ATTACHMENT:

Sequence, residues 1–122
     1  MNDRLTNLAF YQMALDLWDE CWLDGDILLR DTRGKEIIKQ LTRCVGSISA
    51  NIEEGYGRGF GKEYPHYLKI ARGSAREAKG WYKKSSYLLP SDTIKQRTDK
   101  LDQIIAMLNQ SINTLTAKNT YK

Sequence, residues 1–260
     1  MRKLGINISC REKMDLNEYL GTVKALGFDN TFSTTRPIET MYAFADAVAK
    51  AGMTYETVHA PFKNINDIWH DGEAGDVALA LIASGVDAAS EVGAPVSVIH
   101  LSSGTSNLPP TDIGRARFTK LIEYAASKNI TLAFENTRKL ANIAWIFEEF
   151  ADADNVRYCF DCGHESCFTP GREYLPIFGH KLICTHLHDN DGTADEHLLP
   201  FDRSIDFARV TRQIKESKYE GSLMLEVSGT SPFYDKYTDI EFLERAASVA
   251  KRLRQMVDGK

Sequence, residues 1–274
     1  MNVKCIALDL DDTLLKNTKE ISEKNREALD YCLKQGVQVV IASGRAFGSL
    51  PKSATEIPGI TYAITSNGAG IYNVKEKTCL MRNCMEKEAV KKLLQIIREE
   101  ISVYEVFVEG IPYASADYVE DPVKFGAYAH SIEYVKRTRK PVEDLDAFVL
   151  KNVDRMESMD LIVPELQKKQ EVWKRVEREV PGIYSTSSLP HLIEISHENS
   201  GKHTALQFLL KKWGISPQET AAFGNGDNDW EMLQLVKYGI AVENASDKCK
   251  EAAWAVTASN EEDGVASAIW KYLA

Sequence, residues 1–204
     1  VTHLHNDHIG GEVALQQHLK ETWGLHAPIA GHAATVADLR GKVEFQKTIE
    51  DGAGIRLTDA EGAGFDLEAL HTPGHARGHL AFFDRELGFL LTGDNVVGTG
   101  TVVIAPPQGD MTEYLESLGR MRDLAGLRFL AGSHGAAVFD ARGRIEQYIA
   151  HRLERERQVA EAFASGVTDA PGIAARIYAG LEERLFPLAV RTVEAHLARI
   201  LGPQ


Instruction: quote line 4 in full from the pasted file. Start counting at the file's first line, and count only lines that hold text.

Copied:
   101  LDQIIAMLNQ SINTLTAKNT YK